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If you don’t know Christian Pulisic’s name now, you will. He is the American soccer star that America has been waiting for, well, forever to watch.
He is 18 years old and hails from Hershey, Pennsylvania. He’s scored four goals in his past five games for the United States men’s national team as it attempts to qualify for the 2018 World Cup. He is not hype. He is not just potential. He is a brilliant tactical player and already an established presence with Borussia Dortmund, a traditional powerhouse in the German professional league.
Did we mention he is 18 years old?
Pulisic has a chance to change soccer in this country. And he also may change the way soccer players – or even basketball and hockey players – are developed.
The way he was brought along by his parents might even answer the long-standing question about American soccer, American players and the American system – why can’t we create truly elite players?
No one is expecting the U.S. to become Germany overnight, with waves and waves of talent, depth beyond belief. Former national coach Jurgen Klinsmann’s strategy was actually signing German team castoffs who had at least one American parent (usually a military member) and taking them. They often ranked among our best.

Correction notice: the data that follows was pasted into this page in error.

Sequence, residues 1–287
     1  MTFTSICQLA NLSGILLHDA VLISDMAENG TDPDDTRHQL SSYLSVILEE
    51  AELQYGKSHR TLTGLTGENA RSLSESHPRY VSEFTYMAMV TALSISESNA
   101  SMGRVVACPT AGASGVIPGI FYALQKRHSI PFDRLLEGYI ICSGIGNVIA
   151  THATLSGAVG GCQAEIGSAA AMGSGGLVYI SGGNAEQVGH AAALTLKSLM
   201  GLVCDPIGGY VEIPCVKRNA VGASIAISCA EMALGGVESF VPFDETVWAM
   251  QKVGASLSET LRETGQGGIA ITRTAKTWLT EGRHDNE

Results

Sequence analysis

Why not a homegrown star, though? Tens of millions of kids have played soccer here through the decades and while we’ve produced a smattering of excellent players, there’s rarely been a truly world-class one. Pulisic may become that.
The oft-cited logic is that our best athletes play football or basketball or baseball, not soccer. This is true and I once agreed with it, but if you look at the elite soccer players around the globe, it’s not like they are a collection of LeBron James and Cam Newtons.
Great and skilled athletes? Absolutely. But Lionel Messi stands 5-foot-7. Cristiano Ronaldo is 6-1, 175 pounds. Neymar is 5-9.
The USMNT players look like all the other players. Sometimes, they look even better. We can run and jump with anyone. That isn’t it.
The emergence of Pulisic, who checks in at 5-8 and a slight 140 pounds, from the same club-level teams that so many Americans participate has sparked a lot of thought at USA Soccer about how to make more players like him. Pulisic is obviously a naturally gifted player (both parents played college soccer). And he benefited from his father being an international coach capable of getting him some time and training in Europe.
A story by George Dohrmann last week – “The Christian Pulisic Blueprint” – revealed that his upbringing was pretty simple. His parents didn’t push him to train a million hours a week, overburden him with private coaches and welcomed participation in other sports. Those are all important items.
What stood out, however, was the following passage, which might apply not just to soccer, but the way youth, high school and even college athletics (particularly basketball) is done. It centers on the decision to stick with a good travel club – PA Classics in this case – rather than go with the bigger and supposedly better suitors that came in from near and far to attempt to get Pulisic to play for them.